It is funny when I recall my earliest lessons in journalism school of how we are supposed to keep people at arm’s length to ensure objectivity, as I imagined my instructor had never worked at a small-town community newspaper before.
It is simply impossible to keep people at arm’s length as a newspaper man if you want to have any sort of meaningful life in a small town, through volunteerism and a social life, given the proximity you have to its citizenry.
One man I’m proud to say I did not keep at arm’s length was Kalvin Odland, who recently passed away from a tragic car accident earlier this month.
I got to know Kalvin, at least to some degree, from covering his sons, Brendan and Jaden, through the Vauxhall Spurs and Vauxhall Vikings baseball program, and his daughter, Karlee, through hockey.
Odland’s passion for both sports was self-evident from the mere fact you would see him as a regular at the local ball diamonds and ice arenas, far after his children graduated from the local system.
I continued to keep in sporadic contact with him later on with the Southeast “AAA” Tigers midget girls hockey team, in which he served as general manager up until the time of his death.
His fingerprints were all over the southern Alberta sports scene as a coach, an administrator, and, most importantly, as a loving and supportive parent with how the power of sport can bring families together.
It is part of the joy of small-town journalism when you see first-hand families growing up together, and you can be a part of their lives in some small or big ways. I’ve broken bread with sports families I covered in Taber. I like the feeling that I can interview the Vauxhall high school principal over an education initiative and then thirty seconds later talk about our love of the Dallas Cowboys. I would beg to argue that if you build genuine relationships with people in the community, they will feel more comfortable talking to you when you have to cover the more controversial or ‘negative’ stories. You just have to tell people that while you will be the first person to sing their praises through the newspaper, you have to show them the realization you have to write about the bad stuff too. It’s part of the job.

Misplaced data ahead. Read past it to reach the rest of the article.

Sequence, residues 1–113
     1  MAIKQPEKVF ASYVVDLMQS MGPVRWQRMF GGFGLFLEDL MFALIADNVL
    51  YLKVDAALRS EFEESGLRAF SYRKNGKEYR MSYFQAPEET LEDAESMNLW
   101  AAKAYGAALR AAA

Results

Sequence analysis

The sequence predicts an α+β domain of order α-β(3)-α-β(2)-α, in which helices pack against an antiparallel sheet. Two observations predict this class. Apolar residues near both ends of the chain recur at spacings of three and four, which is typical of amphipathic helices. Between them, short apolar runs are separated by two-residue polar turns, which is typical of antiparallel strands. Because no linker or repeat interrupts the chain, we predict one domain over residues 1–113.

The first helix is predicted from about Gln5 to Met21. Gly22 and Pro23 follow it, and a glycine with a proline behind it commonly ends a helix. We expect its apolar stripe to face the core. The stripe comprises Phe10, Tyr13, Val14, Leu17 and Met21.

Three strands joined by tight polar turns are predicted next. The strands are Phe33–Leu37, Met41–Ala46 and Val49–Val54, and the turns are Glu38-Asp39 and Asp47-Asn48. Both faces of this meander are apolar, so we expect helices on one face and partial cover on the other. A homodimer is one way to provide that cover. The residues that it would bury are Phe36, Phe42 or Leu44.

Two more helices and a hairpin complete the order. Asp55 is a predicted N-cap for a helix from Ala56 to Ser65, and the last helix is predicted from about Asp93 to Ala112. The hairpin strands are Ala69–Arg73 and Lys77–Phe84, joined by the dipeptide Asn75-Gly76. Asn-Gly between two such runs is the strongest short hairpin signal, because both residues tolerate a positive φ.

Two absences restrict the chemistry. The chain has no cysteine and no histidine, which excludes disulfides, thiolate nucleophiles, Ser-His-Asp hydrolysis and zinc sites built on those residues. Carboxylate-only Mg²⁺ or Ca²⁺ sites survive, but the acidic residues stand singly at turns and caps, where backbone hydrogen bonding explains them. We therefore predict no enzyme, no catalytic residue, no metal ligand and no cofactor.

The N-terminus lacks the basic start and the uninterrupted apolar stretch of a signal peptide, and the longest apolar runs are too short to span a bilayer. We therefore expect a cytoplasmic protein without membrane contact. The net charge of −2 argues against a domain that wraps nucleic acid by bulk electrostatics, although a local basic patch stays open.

I won’t pretend I knew Kalvin to the greatest degree, but in my encounters with him, I knew he was a good man. Every once in a while we would talk sports shop talk at Jets Stadium over a beer in the beer garden, or tell stories or jokes unprintable in a newspaper which would be accompanied by his distinctive and infectious laugh.
Even in just passing paths, I was always met with a warm smile and a hello. It was a courtesy I was afforded, be it for a Spurs baseball game or mixed slo-pitch in Vauxhall, or out in Enchant. You could see why people were drawn to him which was self-evident at his funeral on Monday. The Mennonite Brethren Church is one of the larger churches in Vauxhall and extra seating had to be put in the hallways with the show of support for the man, as there was nary a space in the whole church without someone there occupying it to pay their respects. Sitting in the hallway beside some Vauxhall educators and former baseball players his sons played with, and who I covered in the newspaper, my eyes began to swell with tears as I remembered those little moments with the man – as did his wife Pam and children Brendan, Jaden, and Karlee in their tribute.
It made me further remember moments I treasured with my departed family in Grandma and Grandpa Price at Christmas time, where I always believed in the spirit of Santa; my yearly visits to the west coast in Nanaimo, where I would stop by Papa Lou’s for a scotch or rye and ginger and some good conversation; my first year of journalism school, staying at Uncle Doug’s where, even if I was in the basement, I could still hear his distinctive laugh – much like Kalvin possessed. The political and social discussions I have with treasured friends at Wing Wednesday over a scotch, rye, or pint have their roots from my discussions with my Uncle Andy on his couch as a teenager, who encouraged me to have a voice.
Our friends and family help make us who we are today as people. They seem like moments that are so small at the time, but, upon reflection, have the biggest impacts on our hearts. The suddenness in which Kalvin Odland was taken from his loved ones forces us among the living to reflect on our own mortality. It sounds so cliché but it is so true. Things become cliché because, over the test of time, they hold up in their truths.
As we navigate this life with our family, friends, and acquaintances, just remember:
Life is busy; slow it down. Anger is a natural emotion at times; don’t let it linger. Love can be plentiful; don’t take it for granted. Good health is not a guarantee; travel and get outside to enjoy nature while you can.
Quite simply, don’t let life’s moments slip by without taking a step back to reflect on the gifts those moments have given you every once in awhile.
From the heartfelt messages from Kalvin’s family and his friends, it was a creed he took to heart and one that can be reaffirmed for us all.
Every time I visit Jets Stadium now, I know it will be little poorer without your laughter filling the air. Rest in peace, Mr. Odland, it was an honour to know you.